Water rates will rise by up to 20 percent for some of Hillsboro's businesses, and by smaller amounts for single-family residential households, starting in 2019.
The Hillsboro Utilities Commission approved rate increases for the New Year, the city announced this week. Increases will also affect water customers in Cornelius, Gaston and the L.A. Water Cooperative in Laurelwood, which buy their water wholesale from Hillsboro.
The rate increases vary by customer class. The largest increase is for irrigation, which will see a 20 percent hike. Multi-family residential, commercial and public entities will shoulder a 14.7 percent increase — more than 4 percentage points less than what was originally proposed, as the commission decided on a somewhat smaller increase "after receiving input from Hillsboro community members during the rate setting process," the city stated in a news release.
Increases for single-family residential, nonprofit and industrial customers will stay in the single-digit percentages. Single-family residential customers will see a 5 percent increase, nonprofits will experience a 6 percent increase and industrial water bills will go up by 8.5 percent.
The typical single-family residential customer will see their bill increase by about $1.61, according to the City of Hillsboro.
The water rate increase is greater for Hillsboro's wholesale customers. Cornelius' water rate increase is approved at 9.2 percent. Gaston and Laurelwood will get a 10.9 percent bump in rates.
The new rates will become effective Feb. 1, 2019.
Increases to water rates for 2019 were recommended in a water rate study conducted earlier this year. The city attributes these increases largely to the need to fund the Willamette Water Supply Program, as well as maintenance and upgrades to the Joint Water Commission's treatment plant south of Forest Grove and to Hillsboro's own municipal water system. Overhead costs are also increasing for Hillsboro due to the need to comply with state regulations, according to the city.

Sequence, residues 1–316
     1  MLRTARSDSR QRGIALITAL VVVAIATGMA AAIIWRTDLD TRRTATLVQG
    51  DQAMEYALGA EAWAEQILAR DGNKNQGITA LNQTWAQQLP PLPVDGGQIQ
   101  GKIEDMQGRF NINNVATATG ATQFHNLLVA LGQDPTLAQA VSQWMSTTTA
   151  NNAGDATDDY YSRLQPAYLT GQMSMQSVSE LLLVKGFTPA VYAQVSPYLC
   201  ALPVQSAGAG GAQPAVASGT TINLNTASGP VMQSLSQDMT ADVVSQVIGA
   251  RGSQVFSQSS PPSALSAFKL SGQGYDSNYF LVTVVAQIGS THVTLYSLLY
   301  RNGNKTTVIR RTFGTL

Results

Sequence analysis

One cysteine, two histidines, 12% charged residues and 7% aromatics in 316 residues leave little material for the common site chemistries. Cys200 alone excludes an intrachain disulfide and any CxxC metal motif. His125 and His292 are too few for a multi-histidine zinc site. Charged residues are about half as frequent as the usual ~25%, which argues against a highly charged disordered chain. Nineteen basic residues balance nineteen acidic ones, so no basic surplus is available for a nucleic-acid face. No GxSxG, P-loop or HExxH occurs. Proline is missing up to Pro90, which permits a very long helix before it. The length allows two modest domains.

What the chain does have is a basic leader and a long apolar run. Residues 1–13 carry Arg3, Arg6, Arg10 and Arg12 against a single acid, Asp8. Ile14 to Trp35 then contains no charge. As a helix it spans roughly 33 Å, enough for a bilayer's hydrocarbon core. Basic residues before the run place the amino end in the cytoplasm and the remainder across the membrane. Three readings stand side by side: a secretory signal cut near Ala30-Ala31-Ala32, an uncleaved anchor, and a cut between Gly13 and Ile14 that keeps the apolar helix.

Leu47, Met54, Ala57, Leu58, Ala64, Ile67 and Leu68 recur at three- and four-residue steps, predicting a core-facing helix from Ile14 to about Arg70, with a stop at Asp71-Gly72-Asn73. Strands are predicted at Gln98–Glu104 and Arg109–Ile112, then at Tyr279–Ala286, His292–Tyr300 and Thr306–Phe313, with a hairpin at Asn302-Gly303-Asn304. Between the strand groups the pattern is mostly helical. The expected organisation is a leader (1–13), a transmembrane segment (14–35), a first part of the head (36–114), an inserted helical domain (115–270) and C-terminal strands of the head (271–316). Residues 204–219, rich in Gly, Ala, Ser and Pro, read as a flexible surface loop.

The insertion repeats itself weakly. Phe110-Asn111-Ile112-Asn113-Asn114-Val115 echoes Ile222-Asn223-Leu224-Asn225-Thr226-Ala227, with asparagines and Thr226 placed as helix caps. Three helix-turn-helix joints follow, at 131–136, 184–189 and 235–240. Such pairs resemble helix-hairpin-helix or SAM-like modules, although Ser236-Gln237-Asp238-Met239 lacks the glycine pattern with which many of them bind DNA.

"The proposed 2019 water rate adjustments varied by customer class in order to ensure each class is paying their fair share based on how customers use the City's water system and how much water they use," the city's news release stated in part.
A public hearing was held to discuss the proposed rate increases last month.
The Willamette Water Supply Program is a joint initiative between the City of Hillsboro and Tualatin Valley Water District to tap the Willamette River to serve as the water supply for both providers. The system, which is expected to come online in the mid-2020s, is being designed to supply enough water to meet projected demand for decades to come.
Hillsboro currently draws its water from the upper Tualatin River, as well as Barney Reservoir and Henry L. Hagg Lake west of Gaston during the summer months.
TVWD is a wholesale customer of the Portland Water Bureau.